Rachael — I forgot to mention that when my old boss brought in the original version of this cake, only with rhubarb and the one I tweaked, it was the first time I’d ever had rhubarb, too! It’s really delicious. I know people say it is bitter, but a raw bite tasted more like an apple — a sour one. It really does bake up like an apple, soft and a little sweeter. I have a giant stalk left, and am thinking about making a mixed fruit crumble with it. Ooh, and I just bought some Liberte yogurt too… I think we have a plan!

    Jessica — Yes! I was actually WARM wearing a hoodie to run errands today. It’s such an awesome feeling. The sidewalks were so much busier!

    Taylor — D’oh! The whole time I was working on this entry, I thought, you know, I should really verify that rhubarb is a Southern thing. Obviously, I never did. Though in my defense, this original recipe I’d used is from a Southern cooking site. Indeed, according to this site, it is primarily grown in Washington, Oregon and Michigan, not the South as it does not fare well in hot or dry conditions.

    Lydia — I began seeing it in the store, and of course the pearly pink called to me. This site says that the season is April to September, or whenever temperatures rise above 40.

    Sarah — Ooh, that’s an interesting theory. I looked to my banana bread for guidance when I was trying to figure out what to tweak, as it’s always worked so well. It had twice as much baking soda and no baking powder (in the original recipe), so I went with it. There was a bit more rise, but it did flatten out upon cooling. And coincidentally?? I baked the first one in the day time, and the second at night.

  7. Ooooh so this lovely creature is what you were tempting me with when you commented on my site. I knew it would be worth the wait. Having grown up in the south, the strawberry rhubarb combo is something I’ve known for a long time.

    You brought back delightful memories of youth. Me, sitting on the porch of my Great Grandmother’s house with a glass of sweat iced tea and piece of cobbler after a huge supper. I’m so going to make this for my Mom in Florida, when I go home in May.

  8. We had rhubarb growing up in the south…but I never remember them growing it in the gardens. They must have gotten it at the store then. But, then again, part of my family IN THE SOUTH lived in NY part of the year. :)

  9. courtney

    I have been wanting to try rhubarb, but didn’t want to try it in a pie as it seemed like it might be a little over kill for a first try. This sounds really good, plus anything with strawberries and pecans I’d eat almost anything.

  10. rob

    Deb, that looks fantastic. I’m a lover of all quick breads and wordplay, so this is one I’ll have to try. Add me to the list of people proclaiming their love of rhubarb. Southern Ontario is one ‘South’ that’s far enough north to have abundant rhubarb. I’ve been awaiting its arrival for a while now, though I suspect there are still a few more weeks to go. I don’t suppose you’ve ever tried making this with buttermilk instead of sour cream? This might also give you a bit more lift given that buttermilk would, I think, increase the acidity of the batter, a direct result of which should be more rise as it reacts with the baking soda.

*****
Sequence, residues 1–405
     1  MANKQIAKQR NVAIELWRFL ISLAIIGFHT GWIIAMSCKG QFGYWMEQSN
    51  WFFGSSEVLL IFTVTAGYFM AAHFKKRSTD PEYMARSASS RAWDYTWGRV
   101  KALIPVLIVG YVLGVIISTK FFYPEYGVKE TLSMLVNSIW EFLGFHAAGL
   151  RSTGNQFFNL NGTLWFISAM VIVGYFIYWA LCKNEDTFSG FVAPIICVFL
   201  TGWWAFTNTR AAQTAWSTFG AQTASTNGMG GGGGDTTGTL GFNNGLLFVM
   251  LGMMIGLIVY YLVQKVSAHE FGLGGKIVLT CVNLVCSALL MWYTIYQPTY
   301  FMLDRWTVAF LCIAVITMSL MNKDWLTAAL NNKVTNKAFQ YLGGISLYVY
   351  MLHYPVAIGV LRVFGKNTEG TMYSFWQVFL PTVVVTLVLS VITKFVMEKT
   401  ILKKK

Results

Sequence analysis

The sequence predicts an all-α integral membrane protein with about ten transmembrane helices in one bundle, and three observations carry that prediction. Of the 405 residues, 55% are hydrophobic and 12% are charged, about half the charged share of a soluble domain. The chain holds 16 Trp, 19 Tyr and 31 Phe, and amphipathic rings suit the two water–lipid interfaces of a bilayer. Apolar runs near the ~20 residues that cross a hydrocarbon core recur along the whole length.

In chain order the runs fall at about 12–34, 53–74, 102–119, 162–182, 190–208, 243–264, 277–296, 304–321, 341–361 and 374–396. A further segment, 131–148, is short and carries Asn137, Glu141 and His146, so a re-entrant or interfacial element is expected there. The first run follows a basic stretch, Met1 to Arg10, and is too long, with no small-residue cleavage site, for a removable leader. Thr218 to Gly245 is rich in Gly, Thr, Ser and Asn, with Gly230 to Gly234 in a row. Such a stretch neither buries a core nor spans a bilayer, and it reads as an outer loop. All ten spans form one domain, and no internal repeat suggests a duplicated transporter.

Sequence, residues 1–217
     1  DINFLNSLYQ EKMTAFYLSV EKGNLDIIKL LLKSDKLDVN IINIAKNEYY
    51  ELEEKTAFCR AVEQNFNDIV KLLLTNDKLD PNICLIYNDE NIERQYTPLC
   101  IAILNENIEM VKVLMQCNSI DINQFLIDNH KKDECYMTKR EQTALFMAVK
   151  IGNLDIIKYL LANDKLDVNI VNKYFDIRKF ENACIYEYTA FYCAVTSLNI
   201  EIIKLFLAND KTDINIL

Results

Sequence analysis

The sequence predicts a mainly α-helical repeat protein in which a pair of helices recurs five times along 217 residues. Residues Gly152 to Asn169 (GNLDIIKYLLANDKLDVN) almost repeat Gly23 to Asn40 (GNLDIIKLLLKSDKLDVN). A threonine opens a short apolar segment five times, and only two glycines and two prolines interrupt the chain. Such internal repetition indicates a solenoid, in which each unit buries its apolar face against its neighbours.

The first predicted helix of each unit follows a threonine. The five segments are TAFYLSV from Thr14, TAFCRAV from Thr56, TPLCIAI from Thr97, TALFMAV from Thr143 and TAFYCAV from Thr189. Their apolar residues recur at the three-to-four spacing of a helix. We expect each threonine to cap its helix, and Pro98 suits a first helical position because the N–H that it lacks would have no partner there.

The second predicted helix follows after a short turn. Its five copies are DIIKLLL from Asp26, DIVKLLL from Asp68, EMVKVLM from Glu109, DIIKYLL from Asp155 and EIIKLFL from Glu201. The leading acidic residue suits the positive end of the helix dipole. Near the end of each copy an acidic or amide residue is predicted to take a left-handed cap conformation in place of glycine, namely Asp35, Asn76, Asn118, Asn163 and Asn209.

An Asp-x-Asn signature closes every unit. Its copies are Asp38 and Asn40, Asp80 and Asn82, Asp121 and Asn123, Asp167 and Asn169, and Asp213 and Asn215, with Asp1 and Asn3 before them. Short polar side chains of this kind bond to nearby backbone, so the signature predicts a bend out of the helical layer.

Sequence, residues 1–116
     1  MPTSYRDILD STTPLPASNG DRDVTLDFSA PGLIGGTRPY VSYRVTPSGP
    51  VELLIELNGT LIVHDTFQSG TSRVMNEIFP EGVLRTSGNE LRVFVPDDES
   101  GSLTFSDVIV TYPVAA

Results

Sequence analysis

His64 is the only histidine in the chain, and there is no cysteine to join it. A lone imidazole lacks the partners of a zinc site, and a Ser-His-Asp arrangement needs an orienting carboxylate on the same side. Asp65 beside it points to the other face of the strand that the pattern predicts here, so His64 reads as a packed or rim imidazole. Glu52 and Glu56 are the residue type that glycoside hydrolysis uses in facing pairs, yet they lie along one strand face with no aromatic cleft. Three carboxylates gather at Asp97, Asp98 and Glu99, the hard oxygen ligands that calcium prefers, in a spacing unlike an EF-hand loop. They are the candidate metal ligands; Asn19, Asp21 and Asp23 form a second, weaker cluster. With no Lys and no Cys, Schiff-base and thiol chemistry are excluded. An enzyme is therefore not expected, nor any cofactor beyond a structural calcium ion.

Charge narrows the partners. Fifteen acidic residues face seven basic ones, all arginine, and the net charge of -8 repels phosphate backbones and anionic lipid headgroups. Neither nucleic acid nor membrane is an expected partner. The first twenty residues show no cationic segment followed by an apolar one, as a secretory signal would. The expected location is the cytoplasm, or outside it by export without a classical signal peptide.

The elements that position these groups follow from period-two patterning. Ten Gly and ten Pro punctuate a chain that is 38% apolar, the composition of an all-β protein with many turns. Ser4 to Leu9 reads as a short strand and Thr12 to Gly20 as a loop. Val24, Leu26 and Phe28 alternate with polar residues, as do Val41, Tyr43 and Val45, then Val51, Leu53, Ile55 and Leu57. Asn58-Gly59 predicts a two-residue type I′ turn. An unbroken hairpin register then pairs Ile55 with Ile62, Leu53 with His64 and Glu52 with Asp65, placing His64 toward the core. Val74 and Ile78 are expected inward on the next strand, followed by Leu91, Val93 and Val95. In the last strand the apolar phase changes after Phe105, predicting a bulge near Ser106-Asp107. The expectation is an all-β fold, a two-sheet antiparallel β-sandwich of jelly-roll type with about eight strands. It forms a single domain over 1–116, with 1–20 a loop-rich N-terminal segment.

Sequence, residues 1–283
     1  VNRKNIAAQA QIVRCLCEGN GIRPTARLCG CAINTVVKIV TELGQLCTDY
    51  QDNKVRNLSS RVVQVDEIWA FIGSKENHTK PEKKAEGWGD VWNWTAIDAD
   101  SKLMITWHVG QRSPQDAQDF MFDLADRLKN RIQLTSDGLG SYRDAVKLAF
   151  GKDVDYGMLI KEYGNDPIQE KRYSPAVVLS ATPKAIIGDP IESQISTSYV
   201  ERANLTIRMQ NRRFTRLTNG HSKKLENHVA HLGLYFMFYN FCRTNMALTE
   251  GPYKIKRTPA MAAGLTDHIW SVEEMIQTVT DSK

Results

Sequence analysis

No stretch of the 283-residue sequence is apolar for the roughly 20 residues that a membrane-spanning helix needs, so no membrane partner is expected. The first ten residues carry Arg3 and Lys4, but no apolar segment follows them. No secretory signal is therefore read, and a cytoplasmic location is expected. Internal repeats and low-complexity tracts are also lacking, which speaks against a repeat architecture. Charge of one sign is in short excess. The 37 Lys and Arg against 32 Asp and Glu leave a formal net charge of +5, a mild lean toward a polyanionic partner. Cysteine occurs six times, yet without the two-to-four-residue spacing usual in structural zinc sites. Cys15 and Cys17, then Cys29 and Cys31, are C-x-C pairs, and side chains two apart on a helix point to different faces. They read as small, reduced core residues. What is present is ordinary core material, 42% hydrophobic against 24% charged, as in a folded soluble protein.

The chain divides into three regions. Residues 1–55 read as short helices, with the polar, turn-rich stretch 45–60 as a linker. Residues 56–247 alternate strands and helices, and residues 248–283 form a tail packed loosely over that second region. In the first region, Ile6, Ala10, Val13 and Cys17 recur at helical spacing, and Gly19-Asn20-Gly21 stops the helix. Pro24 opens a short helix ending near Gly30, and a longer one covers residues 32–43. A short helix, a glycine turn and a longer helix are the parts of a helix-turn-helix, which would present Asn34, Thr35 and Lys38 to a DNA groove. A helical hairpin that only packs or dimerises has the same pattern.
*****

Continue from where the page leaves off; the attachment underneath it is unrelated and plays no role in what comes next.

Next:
11. DianeF

    Deb, I’ve been enjoying your site. Such a great gift for words and humor..combine that with a love of food and I’ll be back with regularity! Strawberry Rhubard Pie is one of hubby’s favs…never thought about a quick bread make with them. Thanks!

  12. M

    We had a rhubarb bush in my back yard when I was a kid (grew up in Washington state) and we would have plain stalks of it sprinkled with sugar for dessert all summer long. I never knew it was a local thing, and now I don’t even like it. Go figure.

  13. Sue

    I cannot believe simttenkitchen didn’t win the bloogies! Your blog is one of my favorites, it’s way better than the blog that made it! Anyway, keep up the great work!

  14. I’m so taken with this recipe (i originally wrote smitten, and then remembered whose blog i was reading…decided i just couldn’t be that twee) but must know, where in the City are you buying your rhub and strawberries? I am quite tempted to make this over the weekend, but I was at the Grand Army Plaza brooklyn market over the weekend and the park slope food co-op, and i dont think i saw any rhubarb…let alone strawberries.

    Any tips would be grand! Oh, how lovely to take slices of this to lunch, next week. The dream is already forming

  15. deb

    Hi Erin — I bought them both at the Garden of Eden on 23rd Street, whose produce should never be overlooked. I’m always impressed there, and they never try to sell stuff past it’s prime — no small feat! I just saw quarts of strawberries outside for $3.99, and their rhubarb stalks are huge, and if I remember, $9.99 for a pound, which is like 6x more than you need. I expect that my absorption of the above information is the reason I can’t remember to put things in the mail, or return phone calls, ever.